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Int. J. Mol. Sci. 2015, 16(3), 6353-6372; doi:10.3390/ijms16036353

The Role of Hypoxia-Induced miR-210 in Cancer Progression

Department of Biological Sciences, University of the Sciences, 600 S. 43rd Str., Philadelphia, PA 19104, USA
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Author to whom correspondence should be addressed.
Academic Editor: Alan C. Leonard
Received: 21 January 2015 / Revised: 11 March 2015 / Accepted: 12 March 2015 / Published: 19 March 2015
(This article belongs to the Special Issue Molecular Machinery of Cell Growth Regulation)
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Abstract

Prolonged hypoxia, the event of insufficient oxygen, is known to upregulate tumor development and growth by promoting the formation of a neoplastic environment. The recent discovery that a subset of cellular microRNAs (miRs) are upregulated during hypoxia, where they function to promote tumor development, highlights the importance of hypoxia-induced miRs as targets for continued investigation. miRs are short, non-coding transcripts involved in gene expression and regulation. Under hypoxic conditions, miR-210 becomes highly upregulated in response to hypoxia inducing factors (HIFs). HIF-1α drives miR-210’s overexpression and the resultant alteration of cellular processes, including cell cycle regulation, mitochondria function, apoptosis, angiogenesis and metastasis. Here we discuss hypoxia-induced dysregulation of miR-210 and the resultant changes in miR-210 protein targets that regulate cancer progression. Potential methods of targeting miR-210 as a therapeutic tool are also explored. View Full-Text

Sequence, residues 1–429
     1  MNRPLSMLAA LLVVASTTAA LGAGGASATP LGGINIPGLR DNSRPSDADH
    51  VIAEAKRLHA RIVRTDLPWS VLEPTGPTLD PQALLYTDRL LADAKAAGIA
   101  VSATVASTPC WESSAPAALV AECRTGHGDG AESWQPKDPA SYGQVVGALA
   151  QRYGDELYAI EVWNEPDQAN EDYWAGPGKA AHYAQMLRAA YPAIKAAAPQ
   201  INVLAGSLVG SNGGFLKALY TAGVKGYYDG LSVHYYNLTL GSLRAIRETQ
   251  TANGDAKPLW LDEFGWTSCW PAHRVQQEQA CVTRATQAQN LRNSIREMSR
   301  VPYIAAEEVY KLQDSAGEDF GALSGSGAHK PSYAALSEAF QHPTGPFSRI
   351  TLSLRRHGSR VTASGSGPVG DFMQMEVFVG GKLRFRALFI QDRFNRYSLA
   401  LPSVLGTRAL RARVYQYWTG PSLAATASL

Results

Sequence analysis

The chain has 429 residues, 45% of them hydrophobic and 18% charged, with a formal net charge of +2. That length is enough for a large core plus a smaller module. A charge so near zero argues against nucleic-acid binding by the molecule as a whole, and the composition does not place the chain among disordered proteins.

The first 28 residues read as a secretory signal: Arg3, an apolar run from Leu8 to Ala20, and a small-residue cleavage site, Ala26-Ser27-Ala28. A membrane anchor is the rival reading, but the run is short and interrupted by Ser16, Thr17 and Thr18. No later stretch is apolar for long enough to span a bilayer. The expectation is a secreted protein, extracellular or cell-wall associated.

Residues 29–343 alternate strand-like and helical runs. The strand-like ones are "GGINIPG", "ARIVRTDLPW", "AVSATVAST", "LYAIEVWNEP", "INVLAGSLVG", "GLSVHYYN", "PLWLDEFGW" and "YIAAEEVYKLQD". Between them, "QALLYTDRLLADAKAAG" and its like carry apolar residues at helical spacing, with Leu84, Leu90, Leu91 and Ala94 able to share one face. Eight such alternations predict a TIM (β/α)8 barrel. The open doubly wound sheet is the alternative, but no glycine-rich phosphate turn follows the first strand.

Keywords: miR-210; hypoxia; microRNA; apoptosis; angiogenesis; cancer miR-210; hypoxia; microRNA; apoptosis; angiogenesis; cancer
This is an open access article distributed under the Creative Commons Attribution License which permits unrestricted use, distribution, and reproduction in any medium, provided the original work is properly cited. (CC BY 4.0).

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Dang, K.; Myers, K.A. The Role of Hypoxia-Induced miR-210 in Cancer Progression. Int. J. Mol. Sci. 2015, 16, 6353-6372.

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